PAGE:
This is a translation of the Claire Bretécher's bestselling comic strip series Agrippine. Translated from the French by Fiona Cleland.
Most of Bretécher's output after 1988 was devoted to this one character, the rebellious adolescent 'Agrippine' (1988-2009). The reader follows Agrippine at the top of her teenage crisis, struggling with existential dillemas and curiosities. She is the typical spoiled teenager, who cannot be bothered with future plans, but instead is angry with everyone and everything. She resents her parents for not divorcing when she was a child, and is annoyed with her baby brother and his "pee-poo" humor. Again, Bretécher offered observations of the generation gap between babyboom parents and the bored-out and spoiled teenagers of the 1990s.
[In 2001, Bretécher's series Agrippine was adapted into a 26-episode TV series by Canal+.]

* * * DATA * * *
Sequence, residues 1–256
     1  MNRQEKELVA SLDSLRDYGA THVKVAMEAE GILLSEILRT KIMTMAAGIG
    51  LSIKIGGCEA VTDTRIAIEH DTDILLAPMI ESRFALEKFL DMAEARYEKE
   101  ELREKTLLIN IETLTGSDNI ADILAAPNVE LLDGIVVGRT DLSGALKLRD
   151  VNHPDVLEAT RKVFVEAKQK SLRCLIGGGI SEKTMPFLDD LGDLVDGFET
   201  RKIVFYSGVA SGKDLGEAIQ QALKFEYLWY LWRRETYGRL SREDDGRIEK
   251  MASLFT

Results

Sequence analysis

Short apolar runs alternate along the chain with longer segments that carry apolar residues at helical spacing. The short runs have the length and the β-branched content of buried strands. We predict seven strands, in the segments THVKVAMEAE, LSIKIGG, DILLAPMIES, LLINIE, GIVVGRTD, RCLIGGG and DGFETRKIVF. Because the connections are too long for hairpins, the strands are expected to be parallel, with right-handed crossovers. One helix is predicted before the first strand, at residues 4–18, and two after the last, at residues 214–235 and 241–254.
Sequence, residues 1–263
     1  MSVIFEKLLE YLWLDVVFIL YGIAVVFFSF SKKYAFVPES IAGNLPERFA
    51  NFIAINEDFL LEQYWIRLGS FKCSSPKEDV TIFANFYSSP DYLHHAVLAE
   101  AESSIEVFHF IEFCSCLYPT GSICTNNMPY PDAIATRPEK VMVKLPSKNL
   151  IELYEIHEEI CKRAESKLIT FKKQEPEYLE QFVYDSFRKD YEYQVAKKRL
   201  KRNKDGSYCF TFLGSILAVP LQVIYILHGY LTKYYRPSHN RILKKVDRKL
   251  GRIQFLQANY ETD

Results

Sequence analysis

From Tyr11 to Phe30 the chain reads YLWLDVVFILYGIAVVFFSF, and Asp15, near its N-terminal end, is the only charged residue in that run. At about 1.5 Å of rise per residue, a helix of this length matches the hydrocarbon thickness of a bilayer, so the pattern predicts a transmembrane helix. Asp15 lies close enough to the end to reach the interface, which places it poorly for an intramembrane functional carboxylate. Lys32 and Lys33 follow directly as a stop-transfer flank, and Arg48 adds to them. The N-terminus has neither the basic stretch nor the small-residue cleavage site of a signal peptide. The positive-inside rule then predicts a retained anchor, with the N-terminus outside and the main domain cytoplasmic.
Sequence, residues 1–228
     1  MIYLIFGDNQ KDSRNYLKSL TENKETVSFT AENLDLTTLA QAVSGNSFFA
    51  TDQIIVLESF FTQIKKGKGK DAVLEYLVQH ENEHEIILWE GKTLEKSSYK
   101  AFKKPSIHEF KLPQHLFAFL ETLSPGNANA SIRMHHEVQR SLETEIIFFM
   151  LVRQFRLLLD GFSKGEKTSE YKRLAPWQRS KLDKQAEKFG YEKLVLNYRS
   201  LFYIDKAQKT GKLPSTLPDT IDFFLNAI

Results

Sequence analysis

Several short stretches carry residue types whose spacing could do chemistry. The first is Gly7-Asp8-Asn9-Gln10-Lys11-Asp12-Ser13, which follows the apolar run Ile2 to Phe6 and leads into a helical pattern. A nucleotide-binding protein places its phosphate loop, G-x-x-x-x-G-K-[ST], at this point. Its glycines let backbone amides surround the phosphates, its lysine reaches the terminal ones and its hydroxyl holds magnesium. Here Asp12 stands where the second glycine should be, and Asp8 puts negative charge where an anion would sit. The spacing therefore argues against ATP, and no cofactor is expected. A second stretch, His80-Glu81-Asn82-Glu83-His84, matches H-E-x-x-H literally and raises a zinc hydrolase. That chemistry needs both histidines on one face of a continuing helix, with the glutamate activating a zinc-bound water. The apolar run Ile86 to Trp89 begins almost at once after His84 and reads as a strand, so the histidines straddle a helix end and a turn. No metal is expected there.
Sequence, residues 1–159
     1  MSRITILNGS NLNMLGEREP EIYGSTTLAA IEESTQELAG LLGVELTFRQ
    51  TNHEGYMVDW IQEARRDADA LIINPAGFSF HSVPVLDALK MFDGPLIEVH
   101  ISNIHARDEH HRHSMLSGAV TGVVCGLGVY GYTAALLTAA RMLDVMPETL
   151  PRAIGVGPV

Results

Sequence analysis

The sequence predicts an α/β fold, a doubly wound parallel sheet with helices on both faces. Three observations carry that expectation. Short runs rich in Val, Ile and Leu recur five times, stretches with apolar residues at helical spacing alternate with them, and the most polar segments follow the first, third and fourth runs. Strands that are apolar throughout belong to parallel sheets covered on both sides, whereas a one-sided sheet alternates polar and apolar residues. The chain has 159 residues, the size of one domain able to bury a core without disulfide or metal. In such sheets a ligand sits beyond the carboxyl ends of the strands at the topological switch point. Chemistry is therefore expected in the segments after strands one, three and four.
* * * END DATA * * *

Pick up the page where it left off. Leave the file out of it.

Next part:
Claire Bretécher (1940 - 2020) was one of the foremost socio-satirical French cartoonists of her generation. Her sharp and subtle observations of the prosperous, urban female of the 1970s and 1980s made her world famous, as her work was also published in most of the other European countries and the USA. Bretécher was a pioneer in many ways. During the 1960s, she was the first female comic artist with a prominent spot in several Franco-Belgian comic magazines. Her humorous series for Record ('Baratine et Molgaga' ), Tintin ('Hector') and Spirou ('Les Gnangnan', 'Les Naufragés') already hinted at the irony and humor of her later work. She was also at the vanguard of a new wave of adult-oriented comics with her contributions to Pilote and as co-founder of the satirical magazine L'Écho des Savanes. Bretécher was furthermore one of the first comic artists who ventured into self-publishing, with much success. But most of all, she was the first satirist who meticulously and subtly captured the behavior and conversations of both the adult and adolescent female in her two signature series 'Les Frustrés' (1973-1981) and 'Agrippine' (1988-2009), all in her trademark loose and sketchy trait.